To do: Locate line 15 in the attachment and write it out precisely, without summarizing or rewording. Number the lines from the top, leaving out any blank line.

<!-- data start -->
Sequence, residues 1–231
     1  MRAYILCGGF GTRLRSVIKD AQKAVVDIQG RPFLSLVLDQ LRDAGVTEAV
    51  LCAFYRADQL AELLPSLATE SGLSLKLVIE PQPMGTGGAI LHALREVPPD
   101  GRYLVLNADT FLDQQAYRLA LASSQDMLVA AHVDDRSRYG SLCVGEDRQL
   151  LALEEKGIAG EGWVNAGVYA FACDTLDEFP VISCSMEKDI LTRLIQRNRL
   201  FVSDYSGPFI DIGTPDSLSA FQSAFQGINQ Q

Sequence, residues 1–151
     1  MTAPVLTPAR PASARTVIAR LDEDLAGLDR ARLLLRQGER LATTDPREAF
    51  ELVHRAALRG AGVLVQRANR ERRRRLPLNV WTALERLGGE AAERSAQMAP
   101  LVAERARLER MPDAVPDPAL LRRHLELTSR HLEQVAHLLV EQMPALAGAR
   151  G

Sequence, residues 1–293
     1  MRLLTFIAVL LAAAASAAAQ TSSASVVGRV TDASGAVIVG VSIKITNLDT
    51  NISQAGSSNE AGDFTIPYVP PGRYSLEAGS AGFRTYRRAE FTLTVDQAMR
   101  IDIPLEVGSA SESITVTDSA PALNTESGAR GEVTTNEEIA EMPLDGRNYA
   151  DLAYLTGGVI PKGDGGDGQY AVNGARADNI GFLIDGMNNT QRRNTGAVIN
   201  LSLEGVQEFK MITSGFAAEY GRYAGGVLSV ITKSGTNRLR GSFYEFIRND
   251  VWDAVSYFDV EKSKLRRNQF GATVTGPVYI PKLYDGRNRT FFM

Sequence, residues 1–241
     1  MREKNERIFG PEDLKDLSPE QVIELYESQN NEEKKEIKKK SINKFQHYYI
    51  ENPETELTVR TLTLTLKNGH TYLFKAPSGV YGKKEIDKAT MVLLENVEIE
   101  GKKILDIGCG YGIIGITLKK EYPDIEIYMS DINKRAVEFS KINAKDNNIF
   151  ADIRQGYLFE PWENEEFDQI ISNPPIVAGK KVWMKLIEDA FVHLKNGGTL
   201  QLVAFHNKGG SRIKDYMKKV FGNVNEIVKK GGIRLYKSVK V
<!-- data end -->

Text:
   101  IDIPLEVGSA SESITVTDSA PALNTESGAR GEVTTNEEIA EMPLDGRNYA